We all have that certain someone for whom a box of chocolates doesn’t seem quite enough . . . that person who’s been there, done that, and seen it all! Am I right? . . . OK, now that we’ve settled that point, let’s get down to business. What on earth do you get that jaded someone? Is there any gift that will register as truly special?

I say: spread the love this Valentine’s Day in a uniquely sweet way (and I mean “sweet” in the most literal sense). When I’ve got the time, I like to throw a full-fledged dessert party, like the one shown here (top photo) from Cookie Swap, and to stock it generously with chocolate goodies and other aphrodisiacs. (Hey, it’s Valentine’s Day; you’ve got to have chocolate somewhere!) But, if time is scarce, even small treats can touch the heart when they’re handcrafted with passion and care.

Love Fest
Love Fest Photo by Steve Adams

For this affair of the heart, I pushed my imagination with every little detail, from the edible invitation and décor to the recipes shared with guests. Take my ideas below and shape them into your own party by applying a personal spin. Or choose just one of them to turn into a special gift for family and friends. Either way, your token of love is sure to make the Whitman Sampler (heck, even the finest box of artisanal chocolates) seem bland.

A Sweet Valentine - Literally!
A Sweet Valentine – Literally! Photo by Steve Adams

1 | Edible Invitation.

To make my sweet valentine (second photo from top), start with, yes, a regular old and empty candy box. Then simply glue plush velvet or other fabrics and scrapbooking papers to the tops and sides. (Spray adhesive works best for this task.) Baubles and ribbons (as shown here) can be used to jazz up the box tops, but they’ll stay more securely in place with hot glue. Finally, fill the box with an over-sized iced sugar or gingerbread cookie heart. I chose two iced gingerbread cookies, one marbled with contrasting colors of Royal Icing, to make a double-decker Valentine. But smaller cookies, assorted candies, or even the treats originally in the box all work fine. For marbling technique tips, see the link below.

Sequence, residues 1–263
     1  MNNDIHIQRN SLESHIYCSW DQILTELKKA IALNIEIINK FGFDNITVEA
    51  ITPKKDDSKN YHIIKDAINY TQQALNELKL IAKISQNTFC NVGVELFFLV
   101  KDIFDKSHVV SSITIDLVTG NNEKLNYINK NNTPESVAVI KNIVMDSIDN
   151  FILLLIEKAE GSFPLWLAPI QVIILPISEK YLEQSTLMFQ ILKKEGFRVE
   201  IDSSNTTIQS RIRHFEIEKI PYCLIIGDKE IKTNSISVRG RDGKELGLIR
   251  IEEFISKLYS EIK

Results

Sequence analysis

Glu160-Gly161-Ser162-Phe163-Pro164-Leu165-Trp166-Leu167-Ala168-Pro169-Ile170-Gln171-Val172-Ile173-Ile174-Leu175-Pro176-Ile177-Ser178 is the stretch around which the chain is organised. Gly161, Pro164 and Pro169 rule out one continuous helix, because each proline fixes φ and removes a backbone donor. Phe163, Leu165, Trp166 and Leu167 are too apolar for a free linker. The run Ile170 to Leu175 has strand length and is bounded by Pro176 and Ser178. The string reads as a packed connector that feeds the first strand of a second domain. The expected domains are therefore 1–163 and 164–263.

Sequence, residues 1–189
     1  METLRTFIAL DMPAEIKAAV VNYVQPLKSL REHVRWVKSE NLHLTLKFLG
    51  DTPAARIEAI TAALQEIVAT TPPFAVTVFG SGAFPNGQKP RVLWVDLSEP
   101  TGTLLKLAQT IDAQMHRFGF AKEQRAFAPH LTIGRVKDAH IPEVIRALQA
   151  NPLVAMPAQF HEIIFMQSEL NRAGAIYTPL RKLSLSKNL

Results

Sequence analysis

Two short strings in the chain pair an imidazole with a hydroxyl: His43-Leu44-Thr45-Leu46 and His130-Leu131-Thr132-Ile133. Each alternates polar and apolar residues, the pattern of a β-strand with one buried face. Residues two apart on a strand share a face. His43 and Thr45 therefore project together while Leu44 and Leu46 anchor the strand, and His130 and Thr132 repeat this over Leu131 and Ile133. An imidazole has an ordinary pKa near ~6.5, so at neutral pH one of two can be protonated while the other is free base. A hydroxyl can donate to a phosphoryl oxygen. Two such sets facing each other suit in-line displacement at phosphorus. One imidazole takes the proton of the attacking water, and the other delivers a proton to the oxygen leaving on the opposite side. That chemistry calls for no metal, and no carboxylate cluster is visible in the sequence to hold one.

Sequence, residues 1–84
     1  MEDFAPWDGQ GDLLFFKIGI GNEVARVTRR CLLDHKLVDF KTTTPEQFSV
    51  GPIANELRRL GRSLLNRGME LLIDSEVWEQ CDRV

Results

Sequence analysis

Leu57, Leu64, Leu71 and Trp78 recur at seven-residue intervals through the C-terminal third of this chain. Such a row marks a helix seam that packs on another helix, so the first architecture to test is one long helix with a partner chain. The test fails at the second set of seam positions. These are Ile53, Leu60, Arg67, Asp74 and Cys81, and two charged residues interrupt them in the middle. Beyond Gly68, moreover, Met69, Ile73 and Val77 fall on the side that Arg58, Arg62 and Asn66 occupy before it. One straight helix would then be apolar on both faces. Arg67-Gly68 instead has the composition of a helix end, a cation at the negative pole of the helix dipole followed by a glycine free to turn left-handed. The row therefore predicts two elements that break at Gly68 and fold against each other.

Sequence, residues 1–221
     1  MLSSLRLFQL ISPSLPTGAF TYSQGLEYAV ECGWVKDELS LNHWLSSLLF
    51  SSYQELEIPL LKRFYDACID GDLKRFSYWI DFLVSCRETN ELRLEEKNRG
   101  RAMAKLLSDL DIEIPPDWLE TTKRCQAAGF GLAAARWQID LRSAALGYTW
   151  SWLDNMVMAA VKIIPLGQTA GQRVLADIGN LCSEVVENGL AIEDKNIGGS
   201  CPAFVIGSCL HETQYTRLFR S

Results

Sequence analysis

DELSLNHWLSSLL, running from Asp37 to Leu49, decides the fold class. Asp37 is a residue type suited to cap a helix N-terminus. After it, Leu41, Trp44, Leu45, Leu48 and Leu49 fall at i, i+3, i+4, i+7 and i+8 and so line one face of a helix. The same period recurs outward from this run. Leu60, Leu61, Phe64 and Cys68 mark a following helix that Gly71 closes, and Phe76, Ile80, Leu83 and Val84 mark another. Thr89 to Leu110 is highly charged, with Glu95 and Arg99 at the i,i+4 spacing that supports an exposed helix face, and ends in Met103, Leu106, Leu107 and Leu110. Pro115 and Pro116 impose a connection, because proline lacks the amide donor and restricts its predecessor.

In Lieu of Flowers
In Lieu of Flowers Photo by Steve Adams

2 | Delectable Décor.

A great way to avoid expensive party décor is to extend your food into the ambience. And decorated cookies – uniquely flavorful, colorful, and fragrant, all at once – are the perfect sweet for the task. Here, I used a combination of tall gingerbread cookie bouquets (third photo from top) and shorter cotton candy “cloud” and cupid displays (fourth photo from top) to create a multi-level tablescape. For details on my Cotton Candy Cupid Clouds project, see the link below.

On Cloud Nine
On Cloud Nine Photo by Steve Adams

3 | A Favor to Savor. . .

. . . or simply a gift to give in lieu of chocolates – your choice! Either way, friends will surely appreciate the sweet cookie message tucked inside this souped-up shadow box (second photo from bottom). See the link below for project details.

Love Letters
Love Letters Photo by Julia M. Usher

4 | Mood Food.

Whether served up as an individual gift or as a complete party spread, your Valentine’s food will please the palate all the more if it fits the holiday’s romantic mood. At my party, it was love at first bite, thanks to the intoxicating helpings of chocolate, berries, and other aphrodisiacs found in my famous Raspberry-Truffle Brownie Bars (bottom photo) and just about every other recipe. (If you’re wondering: yes, I used the same marbling technique on the bars as on the cookies above, except with chocolate ganache and melted milk chocolate rather than Royal Icing.) For the brownie and Royal Icing recipes, read the links below.

Aphrodite’s Choice
Aphrodite’s Choice Photo by Steve Adams